From the Green Book to Facebook, how black people still need to outwit racists in rural AmericaBreaking News
tags: racism, Black History, facebook, Green Book
Over a barbecue grill last summer in a park in Springfield, Missouri, Jonathan Herbert and his friend Marlin Barber fell to ruminating about the challenges they faced as African Americans when driving across the country.
Barber, who teaches history at Missouri State University, was planning a road trip to Arkansas with his white wife and two young children, and was apprehensive about what they might encounter in the rural backwaters. Herbert had an idea – why not float the dilemma to friends on Facebook and see what came back?
“Sadly, it’s 2017,” Herbert went ahead and posted, “and we still have to consider the racial climate of some of the most beautiful places in this country before we decide to vacation there with our families.”
The comment sparked intense Facebook reaction. A black friend divulged the fact that he had been called the N-word in Oklahoma and had run into the KKK in Texas. “I remember not taking our kids through parts of Missouri or Arkansas out of fear,” he said.
comments powered by Disqus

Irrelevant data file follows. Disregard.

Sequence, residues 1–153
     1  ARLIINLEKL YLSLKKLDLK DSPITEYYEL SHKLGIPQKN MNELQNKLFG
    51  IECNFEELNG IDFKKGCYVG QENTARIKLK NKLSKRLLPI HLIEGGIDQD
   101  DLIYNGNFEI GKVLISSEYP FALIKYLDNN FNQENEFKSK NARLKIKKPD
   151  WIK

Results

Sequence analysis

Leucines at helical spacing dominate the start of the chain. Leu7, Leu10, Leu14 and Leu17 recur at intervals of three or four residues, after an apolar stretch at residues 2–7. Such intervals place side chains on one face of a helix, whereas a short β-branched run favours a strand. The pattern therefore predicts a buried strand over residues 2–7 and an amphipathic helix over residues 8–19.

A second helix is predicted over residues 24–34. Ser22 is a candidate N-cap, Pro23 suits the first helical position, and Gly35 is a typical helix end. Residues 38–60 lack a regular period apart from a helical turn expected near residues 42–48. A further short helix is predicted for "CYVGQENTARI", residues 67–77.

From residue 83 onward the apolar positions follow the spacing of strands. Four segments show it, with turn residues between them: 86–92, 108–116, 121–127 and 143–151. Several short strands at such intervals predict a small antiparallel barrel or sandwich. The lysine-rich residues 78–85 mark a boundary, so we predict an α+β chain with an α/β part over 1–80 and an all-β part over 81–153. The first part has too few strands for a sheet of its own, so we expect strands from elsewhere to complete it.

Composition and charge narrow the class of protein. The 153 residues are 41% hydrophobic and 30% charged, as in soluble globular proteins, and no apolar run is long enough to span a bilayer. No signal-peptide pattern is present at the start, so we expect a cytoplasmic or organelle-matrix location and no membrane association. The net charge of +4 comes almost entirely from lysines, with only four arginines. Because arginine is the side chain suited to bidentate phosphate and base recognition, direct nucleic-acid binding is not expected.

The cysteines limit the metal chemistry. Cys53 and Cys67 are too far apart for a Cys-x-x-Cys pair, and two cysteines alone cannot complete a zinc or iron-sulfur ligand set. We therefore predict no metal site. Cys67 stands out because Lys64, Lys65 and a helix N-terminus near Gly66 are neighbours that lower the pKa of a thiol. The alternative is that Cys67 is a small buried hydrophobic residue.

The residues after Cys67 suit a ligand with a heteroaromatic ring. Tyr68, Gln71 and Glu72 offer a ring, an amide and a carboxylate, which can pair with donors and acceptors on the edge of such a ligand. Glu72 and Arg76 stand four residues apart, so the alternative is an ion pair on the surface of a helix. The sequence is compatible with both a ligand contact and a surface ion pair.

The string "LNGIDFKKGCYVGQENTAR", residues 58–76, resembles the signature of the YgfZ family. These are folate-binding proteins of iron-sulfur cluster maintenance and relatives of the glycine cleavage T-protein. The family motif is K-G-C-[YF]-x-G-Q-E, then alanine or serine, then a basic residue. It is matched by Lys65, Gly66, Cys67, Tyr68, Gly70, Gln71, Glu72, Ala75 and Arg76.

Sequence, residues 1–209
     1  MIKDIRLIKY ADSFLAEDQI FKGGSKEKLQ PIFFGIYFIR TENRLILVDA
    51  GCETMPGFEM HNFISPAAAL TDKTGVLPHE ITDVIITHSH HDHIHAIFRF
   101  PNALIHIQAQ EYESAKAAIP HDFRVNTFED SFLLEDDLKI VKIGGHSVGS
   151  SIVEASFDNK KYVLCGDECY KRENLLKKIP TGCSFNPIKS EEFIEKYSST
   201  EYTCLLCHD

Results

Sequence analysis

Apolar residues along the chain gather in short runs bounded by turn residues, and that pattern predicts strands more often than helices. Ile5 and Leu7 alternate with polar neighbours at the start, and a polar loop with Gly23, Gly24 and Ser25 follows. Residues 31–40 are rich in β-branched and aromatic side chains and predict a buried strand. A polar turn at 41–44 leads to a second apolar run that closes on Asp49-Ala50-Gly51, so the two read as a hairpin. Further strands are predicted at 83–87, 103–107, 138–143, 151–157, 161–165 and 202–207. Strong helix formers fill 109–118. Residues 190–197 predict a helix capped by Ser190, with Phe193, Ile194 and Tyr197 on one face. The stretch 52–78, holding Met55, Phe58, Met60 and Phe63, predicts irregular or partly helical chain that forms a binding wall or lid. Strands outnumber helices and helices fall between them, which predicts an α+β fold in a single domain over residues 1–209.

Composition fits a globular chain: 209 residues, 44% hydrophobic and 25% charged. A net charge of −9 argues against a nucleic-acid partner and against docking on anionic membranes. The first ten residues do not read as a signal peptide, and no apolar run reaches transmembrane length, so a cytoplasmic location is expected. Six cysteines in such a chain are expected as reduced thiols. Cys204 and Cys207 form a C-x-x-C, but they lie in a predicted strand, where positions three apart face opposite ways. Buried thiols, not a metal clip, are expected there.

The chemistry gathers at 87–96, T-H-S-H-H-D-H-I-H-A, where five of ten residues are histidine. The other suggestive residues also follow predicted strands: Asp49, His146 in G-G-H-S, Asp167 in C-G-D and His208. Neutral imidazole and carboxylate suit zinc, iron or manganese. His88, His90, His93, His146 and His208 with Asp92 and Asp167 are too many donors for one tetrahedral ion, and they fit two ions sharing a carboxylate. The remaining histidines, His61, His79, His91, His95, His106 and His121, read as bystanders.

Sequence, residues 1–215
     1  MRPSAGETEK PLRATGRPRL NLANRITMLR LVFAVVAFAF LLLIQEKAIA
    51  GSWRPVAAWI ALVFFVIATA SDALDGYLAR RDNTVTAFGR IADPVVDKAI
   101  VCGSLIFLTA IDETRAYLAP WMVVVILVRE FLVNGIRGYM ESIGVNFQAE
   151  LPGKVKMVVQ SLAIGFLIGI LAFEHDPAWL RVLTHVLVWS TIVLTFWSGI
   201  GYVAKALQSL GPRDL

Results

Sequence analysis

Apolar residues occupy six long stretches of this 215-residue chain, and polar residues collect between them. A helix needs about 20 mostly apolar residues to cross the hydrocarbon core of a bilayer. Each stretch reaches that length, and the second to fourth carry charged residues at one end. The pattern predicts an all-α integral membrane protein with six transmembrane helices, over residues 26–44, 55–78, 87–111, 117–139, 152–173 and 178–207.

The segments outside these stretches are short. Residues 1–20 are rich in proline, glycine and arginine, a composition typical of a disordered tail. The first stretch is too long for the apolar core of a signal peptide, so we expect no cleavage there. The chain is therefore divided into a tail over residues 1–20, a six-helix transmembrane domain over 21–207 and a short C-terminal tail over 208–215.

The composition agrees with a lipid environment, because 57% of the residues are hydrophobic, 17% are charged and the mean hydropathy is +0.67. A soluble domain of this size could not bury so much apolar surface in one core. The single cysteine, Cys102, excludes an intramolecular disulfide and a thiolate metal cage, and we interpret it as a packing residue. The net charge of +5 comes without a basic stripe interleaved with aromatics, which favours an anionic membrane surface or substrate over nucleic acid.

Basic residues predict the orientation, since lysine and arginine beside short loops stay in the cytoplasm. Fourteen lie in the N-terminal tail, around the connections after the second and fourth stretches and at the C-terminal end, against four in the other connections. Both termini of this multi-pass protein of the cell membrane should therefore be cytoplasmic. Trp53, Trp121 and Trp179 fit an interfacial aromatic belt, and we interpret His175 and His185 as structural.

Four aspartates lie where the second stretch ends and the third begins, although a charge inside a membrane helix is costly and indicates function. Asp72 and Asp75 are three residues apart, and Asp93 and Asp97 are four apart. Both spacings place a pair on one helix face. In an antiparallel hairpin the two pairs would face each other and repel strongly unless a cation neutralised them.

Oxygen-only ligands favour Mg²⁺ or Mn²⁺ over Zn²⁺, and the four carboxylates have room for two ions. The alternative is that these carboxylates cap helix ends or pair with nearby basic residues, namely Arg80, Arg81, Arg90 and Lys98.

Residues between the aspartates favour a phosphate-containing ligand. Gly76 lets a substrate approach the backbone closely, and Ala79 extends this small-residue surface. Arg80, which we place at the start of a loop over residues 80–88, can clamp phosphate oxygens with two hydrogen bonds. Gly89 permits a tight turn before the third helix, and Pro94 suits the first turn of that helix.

- Savannah Approves Changes to Confederate Monument From 1875
- Law Professor Eric Posner Proposes Bringing Back Indentured Servitude
- Public Rates Presidents: Kennedy, Reagan, Obama at Top
- Elizabeth Warren’s striking speech responding to Trump’s “Pocahontas” taunts
- When the next generation looks racially different from the last, political tensions rise
- Was This Technology historian plagiarized? Sure seems like she was.
- Meet the new authorized historian of Britain's communications intelligence agency
- Lerone Bennett Jr., journalist and historian of African American life, dies at 89
- Right after the Civil War, says Stanford's Richard White, Americans were really hopeful, then reality hit
- What departments of history are doing about lower enrollments